<img height="1" width="1" style="display:none;" alt="" src="https://analytics.twitter.com/i/adsct?txn_id=nuqgh&amp;p_id=Twitter&amp;tw_sale_amount=0&amp;tw_order_quantity=0"> <img height="1" width="1" style="display:none;" alt="" src="//t.co/i/adsct?txn_id=nuqgh&amp;p_id=Twitter&amp;tw_sale_amount=0&amp;tw_order_quantity=0">

Published: August 31, 2021

Kerry Glaus roller skating

No Way! That’s what Kerry Glaus told friends a decade ago about the possibility of moving to a life plan community when she and wife, Jesse Carlock reached retirement age.

But when Jesse brought up the idea of such a move, Kerry agreed to at least look into it, and was shocked by what she found. Instead of communities where ailing men and women sat around she discovered places full of active and healthy older adults.

Eventually the couple selected Kendal at Oberlin and this spring moved into a two-bedroom cottage with their dog Bodhi.

“Family members and friends who know Jesse and me were stunned to learn that we were moving to Kendal! Stunned!  We seemed to them to be far from the ‘type’ who would move into Kendal or any CCRC,” she said.

Kerry wanted to share her story because it might help others who assume a CCRC is definitely not for them.

Their Journey to Kendal

Kerry and Jesse, both psychologists and now 72 years old, lived in a big house with a couple acres of land outside Dayton. They love to travel worldwide – New Zealand, Peru and Greece to name just a few of their destinations – and scuba dive.

When Kerry began her research she started with health and longevity studies. She found that along with maintaining a nutritious diet and exercise, older adults also need mental stimulation and social connections for health aging.

The Centers for Disease Control and Prevention, for example, cite several studies that found loneliness contributed to an increased risk of dementia and depression.

Those findings, coupled with what she was learning about CCRCs, intrigued her. The couple reviewed brochures from about three dozen communities east of the Mississippi River and selected a half-dozen to visit.

They visited Kendal before the pandemic and so were able to experience the “Try It, You’ll Like It” program that allowed them to stay on campus, eat in the dining room and visit with residents. They expected staff and residents to greet them warmly, but were more impressed with how people treated each other, with so much kindness and respect.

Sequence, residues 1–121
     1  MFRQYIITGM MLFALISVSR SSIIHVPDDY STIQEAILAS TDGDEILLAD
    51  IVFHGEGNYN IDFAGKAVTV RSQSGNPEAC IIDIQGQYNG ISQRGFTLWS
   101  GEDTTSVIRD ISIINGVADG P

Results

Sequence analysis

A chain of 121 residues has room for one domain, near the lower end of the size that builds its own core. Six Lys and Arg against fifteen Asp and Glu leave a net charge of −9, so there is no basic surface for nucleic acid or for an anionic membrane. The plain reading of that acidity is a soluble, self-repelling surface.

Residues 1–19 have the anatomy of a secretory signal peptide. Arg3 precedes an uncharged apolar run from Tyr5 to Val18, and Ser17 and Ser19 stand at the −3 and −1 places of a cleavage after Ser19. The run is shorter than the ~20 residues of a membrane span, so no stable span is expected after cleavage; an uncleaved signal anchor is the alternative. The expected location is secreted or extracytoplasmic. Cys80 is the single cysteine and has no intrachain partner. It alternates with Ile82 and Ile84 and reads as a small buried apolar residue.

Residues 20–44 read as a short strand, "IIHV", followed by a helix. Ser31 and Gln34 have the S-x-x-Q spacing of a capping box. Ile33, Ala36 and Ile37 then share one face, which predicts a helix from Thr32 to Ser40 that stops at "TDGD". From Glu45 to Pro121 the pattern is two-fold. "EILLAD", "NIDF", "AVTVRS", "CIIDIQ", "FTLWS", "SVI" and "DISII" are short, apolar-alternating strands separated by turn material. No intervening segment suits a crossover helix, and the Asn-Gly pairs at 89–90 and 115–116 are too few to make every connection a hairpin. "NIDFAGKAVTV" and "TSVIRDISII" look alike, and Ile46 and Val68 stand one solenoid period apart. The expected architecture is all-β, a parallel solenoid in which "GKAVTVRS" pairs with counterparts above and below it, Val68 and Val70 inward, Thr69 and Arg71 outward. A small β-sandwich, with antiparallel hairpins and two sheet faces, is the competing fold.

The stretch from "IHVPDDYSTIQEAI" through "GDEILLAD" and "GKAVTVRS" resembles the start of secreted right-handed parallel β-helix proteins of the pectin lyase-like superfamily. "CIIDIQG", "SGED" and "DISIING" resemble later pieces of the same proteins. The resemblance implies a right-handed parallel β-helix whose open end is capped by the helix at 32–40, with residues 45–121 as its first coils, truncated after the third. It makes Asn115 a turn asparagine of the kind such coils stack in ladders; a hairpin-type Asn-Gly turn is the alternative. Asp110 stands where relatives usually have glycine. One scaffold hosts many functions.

They were also impressed with how the Kendal community embraces gay couples, from brochure photographs to programming. “We’ve never seen that before. This sends a message about the community’s openness to all kinds of diversity,” Kerry said.

They were convinced that Kendal is a place of highly active people just like them and they decided to sign up.

Since they moved in, they have been getting involved with Kendal activities, though some programs are still limited because of the pandemic. Kerry enjoys playing table tennis, has signed up for a watercolor class taught by Kendal resident Don Parker and plans to take an audit class at Oberlin College in the fall. “It’s wonderful that I will be able to ride a bike or walk there,” she said. Jesse is getting involved with drama activities at Kendal and plans to join a meditation group.

They’ve also become regulars at the Sunday dog “pack” gathering, and have been impressed with the community’s efforts to make sure Bodhi adjust to his new home too, starting with Kathy Caldwell, chair of the Pet Matters Committee.

Is a Life Plan Community for You?

Kerry will be the first to say she is no expert when it comes to picking a CCRC, but she offers some advice from her first-hand experience.

  • First, overcome any stereotypes you might have about a life plan community and be open to learning about them, remembering that each community is different.
  • Do your research. Once you define your geographic area of interest review websites of life plan communities and request brochures. (Leading Age is just one of many sites that have senior housing listings.) From that list, select a handful of communities to visit.
  • Make sure you understand contract options, especially what future health care costs are covered in the contract.
  • During your visit pay attention to how residents and staff interact with each other not just with you. For instance, do people address each other by first names or titles. Peruse bulletin boards and explore activities underway. Plan a second or third visit if needed.
  • Find out what the community offers in areas that are important to you, whether it’s pet programs, physical fitness activities or vegetarian meals.

Bottom line, said Kerry: “I think people sell themselves short if they don’t consider this kind of arrangement.”


Oberlin, a Great Place to Call Home

When you decide to live in Oberlin, Ohio you have decided to live wisely! Find out everything this town has to offer in our free guide.

Download My Copy



Author Molly Kavanaugh 2020In the past, Molly Kavanaugh frequently wrote about Kendal at Oberlin for the Cleveland Plain Dealer, where she was a reporter for 16 years. Now we are happy to have her writing for the Kendal at Oberlin Community.

About Kendal at Oberlin: Kendal is a nonprofit life plan community serving older adults in northeast Ohio. Located about one mile from Oberlin College and Conservatory, and about a 40 minute drive from downtown Cleveland, Kendal offers a vibrant resident-led lifestyle with access to music, art and lifelong learning.